August 16, 2018

What Is The Difference?

Borrowing money to enhance your personal wealth or education constitutes good debt or “constructive debt”.  A mortgage, RRSP loans and student loans fall into this category.  This type of debt enhances your lifestyle and career satisfaction.

Almost anyone can get a credit card whether it is solicited or unsolicited.  This type of debt is bad debt and considered “destructive debt.”  You can recognize it by applying the following four criteria:

  1. It is incurred for consumption purposes.  The money is borrowed to purchase goods or services, not for business, education or investing purposes
  2. It carries a high interest rate
  3. Servicing the debt requires a disproportionate share of household income.  It costs you more each month to meet the financing payments than you are comfortable with
  4. Interest on the debt is not tax deductible

In dealing with credit card debt, the number one rule is don’t have any and the number two rule is to pay off your balance every month.  If you do have to carry a balance, reduce your interest rate.  Credit card rates are typically approx. 20% and department store cards are over 30%.  One way to reduce your interest cost would be to obtain a home equity line of credit.  If secured on your property, the rate would be between 3.5-4% and would enable you to pay off the principal faster.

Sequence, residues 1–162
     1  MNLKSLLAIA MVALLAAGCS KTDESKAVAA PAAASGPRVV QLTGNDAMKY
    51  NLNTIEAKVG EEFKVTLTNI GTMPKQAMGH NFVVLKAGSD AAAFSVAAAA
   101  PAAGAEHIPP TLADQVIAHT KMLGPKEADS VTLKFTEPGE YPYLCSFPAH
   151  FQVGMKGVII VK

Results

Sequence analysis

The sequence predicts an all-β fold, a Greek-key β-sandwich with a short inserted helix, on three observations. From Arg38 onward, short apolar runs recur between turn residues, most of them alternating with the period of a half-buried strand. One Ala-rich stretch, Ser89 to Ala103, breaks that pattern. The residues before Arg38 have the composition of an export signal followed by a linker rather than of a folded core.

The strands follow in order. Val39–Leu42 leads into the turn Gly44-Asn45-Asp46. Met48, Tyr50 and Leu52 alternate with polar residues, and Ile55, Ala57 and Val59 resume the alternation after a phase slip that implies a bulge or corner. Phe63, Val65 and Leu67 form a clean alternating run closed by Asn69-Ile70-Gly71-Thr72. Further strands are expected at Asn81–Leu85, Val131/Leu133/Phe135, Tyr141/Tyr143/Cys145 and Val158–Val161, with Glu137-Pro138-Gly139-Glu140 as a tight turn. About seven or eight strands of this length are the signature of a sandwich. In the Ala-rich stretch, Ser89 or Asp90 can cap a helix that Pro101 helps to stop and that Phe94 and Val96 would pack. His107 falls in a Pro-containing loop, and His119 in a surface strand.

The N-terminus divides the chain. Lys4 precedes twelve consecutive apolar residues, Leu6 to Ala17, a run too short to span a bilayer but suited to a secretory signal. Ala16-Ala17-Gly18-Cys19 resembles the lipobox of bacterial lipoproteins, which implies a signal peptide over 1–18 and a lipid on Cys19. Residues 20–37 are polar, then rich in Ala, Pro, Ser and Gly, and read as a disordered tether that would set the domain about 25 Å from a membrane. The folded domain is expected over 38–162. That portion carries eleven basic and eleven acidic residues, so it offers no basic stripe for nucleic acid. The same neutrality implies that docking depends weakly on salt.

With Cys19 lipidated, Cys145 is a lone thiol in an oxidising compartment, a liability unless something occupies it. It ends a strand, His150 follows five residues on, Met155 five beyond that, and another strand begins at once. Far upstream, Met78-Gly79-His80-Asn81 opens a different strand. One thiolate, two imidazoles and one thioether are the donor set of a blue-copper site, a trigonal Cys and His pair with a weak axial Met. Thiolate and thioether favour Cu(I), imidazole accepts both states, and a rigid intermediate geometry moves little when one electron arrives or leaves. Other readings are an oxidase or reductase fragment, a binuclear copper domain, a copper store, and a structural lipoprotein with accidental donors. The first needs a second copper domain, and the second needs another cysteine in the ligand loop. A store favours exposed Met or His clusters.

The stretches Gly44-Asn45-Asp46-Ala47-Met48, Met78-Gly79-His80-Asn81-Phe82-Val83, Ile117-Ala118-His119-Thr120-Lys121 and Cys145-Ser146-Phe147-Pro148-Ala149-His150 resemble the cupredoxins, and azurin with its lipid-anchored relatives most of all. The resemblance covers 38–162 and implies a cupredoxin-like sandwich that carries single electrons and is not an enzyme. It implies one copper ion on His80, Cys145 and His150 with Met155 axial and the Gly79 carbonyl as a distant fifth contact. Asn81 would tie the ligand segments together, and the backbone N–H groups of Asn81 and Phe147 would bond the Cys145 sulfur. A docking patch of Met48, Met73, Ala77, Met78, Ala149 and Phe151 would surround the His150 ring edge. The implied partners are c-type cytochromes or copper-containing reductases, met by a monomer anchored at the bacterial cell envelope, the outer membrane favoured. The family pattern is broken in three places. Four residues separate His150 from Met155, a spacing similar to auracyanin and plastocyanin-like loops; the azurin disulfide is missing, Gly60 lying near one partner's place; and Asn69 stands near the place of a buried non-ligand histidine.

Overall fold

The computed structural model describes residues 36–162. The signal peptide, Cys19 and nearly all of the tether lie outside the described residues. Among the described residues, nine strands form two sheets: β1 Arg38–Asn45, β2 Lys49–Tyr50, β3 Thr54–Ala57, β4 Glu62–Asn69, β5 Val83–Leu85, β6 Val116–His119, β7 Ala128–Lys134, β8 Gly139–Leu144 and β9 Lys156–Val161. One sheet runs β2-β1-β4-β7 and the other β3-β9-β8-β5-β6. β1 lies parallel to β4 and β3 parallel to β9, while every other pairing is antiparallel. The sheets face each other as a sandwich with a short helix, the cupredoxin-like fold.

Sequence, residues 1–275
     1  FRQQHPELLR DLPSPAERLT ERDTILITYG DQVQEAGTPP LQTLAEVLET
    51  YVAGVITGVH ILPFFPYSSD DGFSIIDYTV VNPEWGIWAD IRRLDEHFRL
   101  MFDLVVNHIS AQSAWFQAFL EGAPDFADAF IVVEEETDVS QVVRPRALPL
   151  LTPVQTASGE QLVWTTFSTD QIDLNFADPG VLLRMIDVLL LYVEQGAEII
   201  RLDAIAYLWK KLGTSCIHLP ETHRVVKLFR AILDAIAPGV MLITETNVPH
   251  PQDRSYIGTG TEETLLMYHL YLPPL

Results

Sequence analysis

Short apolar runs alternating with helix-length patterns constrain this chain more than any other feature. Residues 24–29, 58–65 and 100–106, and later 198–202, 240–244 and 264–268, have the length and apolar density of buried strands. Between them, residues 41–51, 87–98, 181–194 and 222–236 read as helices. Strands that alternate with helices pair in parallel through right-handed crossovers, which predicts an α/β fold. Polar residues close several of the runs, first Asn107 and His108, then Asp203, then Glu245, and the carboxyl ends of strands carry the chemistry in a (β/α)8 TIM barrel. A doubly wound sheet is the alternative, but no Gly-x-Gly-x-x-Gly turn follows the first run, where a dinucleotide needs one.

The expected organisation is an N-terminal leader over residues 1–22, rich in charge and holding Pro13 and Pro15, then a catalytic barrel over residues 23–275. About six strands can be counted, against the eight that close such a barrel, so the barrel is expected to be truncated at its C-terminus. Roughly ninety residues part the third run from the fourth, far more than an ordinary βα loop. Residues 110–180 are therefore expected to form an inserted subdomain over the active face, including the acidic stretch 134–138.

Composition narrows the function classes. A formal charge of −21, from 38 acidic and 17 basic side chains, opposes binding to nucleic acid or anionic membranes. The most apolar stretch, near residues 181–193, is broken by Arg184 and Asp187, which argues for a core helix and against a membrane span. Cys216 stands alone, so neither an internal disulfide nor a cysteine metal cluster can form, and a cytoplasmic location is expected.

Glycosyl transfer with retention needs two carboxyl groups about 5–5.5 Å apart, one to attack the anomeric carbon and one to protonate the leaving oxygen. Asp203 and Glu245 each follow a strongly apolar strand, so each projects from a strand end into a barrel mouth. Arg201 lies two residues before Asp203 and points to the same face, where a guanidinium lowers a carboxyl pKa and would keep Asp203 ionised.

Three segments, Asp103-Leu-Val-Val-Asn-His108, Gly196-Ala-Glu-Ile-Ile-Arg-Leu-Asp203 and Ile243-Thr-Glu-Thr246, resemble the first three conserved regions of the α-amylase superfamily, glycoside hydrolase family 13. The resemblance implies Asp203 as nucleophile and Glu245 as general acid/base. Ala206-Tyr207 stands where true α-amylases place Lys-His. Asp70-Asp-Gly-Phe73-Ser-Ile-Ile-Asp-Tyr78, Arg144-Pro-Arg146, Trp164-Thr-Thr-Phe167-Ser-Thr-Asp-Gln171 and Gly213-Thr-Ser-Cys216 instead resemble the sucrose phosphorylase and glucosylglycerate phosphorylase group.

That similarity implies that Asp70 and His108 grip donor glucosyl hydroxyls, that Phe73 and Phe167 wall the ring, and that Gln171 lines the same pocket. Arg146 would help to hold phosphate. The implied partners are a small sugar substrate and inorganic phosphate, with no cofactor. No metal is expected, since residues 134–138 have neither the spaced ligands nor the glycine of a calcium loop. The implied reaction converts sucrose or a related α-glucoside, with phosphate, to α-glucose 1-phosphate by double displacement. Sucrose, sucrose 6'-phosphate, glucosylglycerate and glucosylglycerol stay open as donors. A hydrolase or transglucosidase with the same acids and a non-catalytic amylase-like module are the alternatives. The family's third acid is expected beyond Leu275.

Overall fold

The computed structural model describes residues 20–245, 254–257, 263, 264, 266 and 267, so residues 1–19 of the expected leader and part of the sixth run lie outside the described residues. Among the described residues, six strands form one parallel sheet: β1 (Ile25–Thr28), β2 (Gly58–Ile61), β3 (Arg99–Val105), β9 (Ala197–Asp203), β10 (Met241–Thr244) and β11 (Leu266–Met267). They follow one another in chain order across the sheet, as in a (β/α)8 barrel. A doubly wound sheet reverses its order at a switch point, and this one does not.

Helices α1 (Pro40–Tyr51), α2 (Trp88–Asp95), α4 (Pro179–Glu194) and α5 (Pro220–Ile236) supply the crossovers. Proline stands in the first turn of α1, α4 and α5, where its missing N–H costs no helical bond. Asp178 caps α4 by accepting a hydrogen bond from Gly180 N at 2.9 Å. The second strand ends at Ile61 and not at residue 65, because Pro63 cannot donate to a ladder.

You could also look into the following credit cards, which offer lower rates:   MBNA TrueLine MasterCard, Capital One Fusion Platinum MasterCard and Capital One SmartLine Platinum MasterCard.  There are other credit cards available, just make sure you check the fine print.

If you would to discuss some options available, I offer a complimentary, confidential financial assessment.

Colleen Saunders is a 20 year veteran in the mortgage industry, serving Mississauga, Burlington, Oakville and Toronto and offering all mortgage related services such as 2nd mortgages, private mortgages and more.

To contact Colleen, please fill out the form on  www.mortgagesbycolleen.ca  or call 416-459-2406